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Passenger Shipping Cartels and Their Effect on Trans-Atlantic Migration

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Author Info

  • George Deltas

    (University of Illinois, Urbana-Champaign, Department of Economics)

  • Richard Sicotte

    (University of Vermont, Department of Economics)

  • Peter Tomczak

    (Baker & McKenzie LLP)

Abstract

We investigate the impact of passenger shipping cartels on trans-Atlantic migration during the early twentieth century. We assemble from primary sources a detailed database of passenger flows and cartel operations and show that cartel operation reduced migratory flows by approximately 20% to 25%. Further, we show that there was no strong intertemporal substitution in migration to North America (at least in the short run) and, therefore, that the effects of cartel operation were not "undone" by later migration. Lastly, we find that cartel operation had no appreciable effect on the variability of migration flows, providing evidence against the notion that unfettered competition was destabilizing to turn-of-the-century transportation markets. Copyright by the President and Fellows of Harvard College and the Massachusetts Institute of Technology.

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Bibliographic Info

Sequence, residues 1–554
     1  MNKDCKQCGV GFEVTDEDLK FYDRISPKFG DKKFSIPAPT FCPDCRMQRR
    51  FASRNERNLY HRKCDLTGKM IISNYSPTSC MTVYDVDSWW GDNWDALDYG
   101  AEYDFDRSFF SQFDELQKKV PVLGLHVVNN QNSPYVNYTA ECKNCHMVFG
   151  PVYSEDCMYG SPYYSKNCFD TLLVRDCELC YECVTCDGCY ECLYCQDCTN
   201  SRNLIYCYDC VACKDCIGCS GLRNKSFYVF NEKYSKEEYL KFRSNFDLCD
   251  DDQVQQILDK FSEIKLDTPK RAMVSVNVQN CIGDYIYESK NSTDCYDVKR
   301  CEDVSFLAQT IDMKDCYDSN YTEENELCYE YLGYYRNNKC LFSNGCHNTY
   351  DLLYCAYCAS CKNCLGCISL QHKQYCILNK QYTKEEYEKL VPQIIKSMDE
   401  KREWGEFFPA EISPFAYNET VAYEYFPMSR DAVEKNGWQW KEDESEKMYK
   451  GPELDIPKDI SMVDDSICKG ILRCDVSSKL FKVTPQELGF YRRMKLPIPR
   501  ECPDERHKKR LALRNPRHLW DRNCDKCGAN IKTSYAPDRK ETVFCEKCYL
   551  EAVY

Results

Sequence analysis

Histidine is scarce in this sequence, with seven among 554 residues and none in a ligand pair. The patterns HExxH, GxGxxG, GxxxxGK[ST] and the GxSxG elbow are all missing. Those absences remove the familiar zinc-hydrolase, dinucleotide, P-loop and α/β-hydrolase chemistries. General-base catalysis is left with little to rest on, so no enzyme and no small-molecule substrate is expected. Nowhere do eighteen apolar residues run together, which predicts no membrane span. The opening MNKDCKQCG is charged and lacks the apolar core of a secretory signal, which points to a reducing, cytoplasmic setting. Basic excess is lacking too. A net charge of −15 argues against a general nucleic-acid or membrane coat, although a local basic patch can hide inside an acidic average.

Article provided by MIT Press in its journal The Review of Economics and Statistics.

Volume (Year): 90 (2008)
Issue (Month): 1 (February)
Pages: 119-133

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Handle: RePEc:tpr:restat:v:90:y:2008:i:1:p:119-133

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Web page: http://mitpress.mit.edu/journals/

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Cited by:
  1. Timothy J. Hatton, 2010. "The Cliometrics Of International Migration: A Survey," Journal of Economic Surveys, Wiley Blackwell, vol. 24(5), pages 941-969, December.
  2. Bandiera, Oriana & Rasul, Imran & Viarengo, Martina, 2013. "The Making of Modern America: Migratory Flows in the Age of Mass Migration," Journal of Development Economics, Elsevier, vol. 102(C), pages 23-47.
  3. Auriol, Emmanuelle & Mesnard, Alice, 2012. "Sale of Visas: A Smuggler's Final Song?," CEPR Discussion Papers 8965, C.E.P.R. Discussion Papers.

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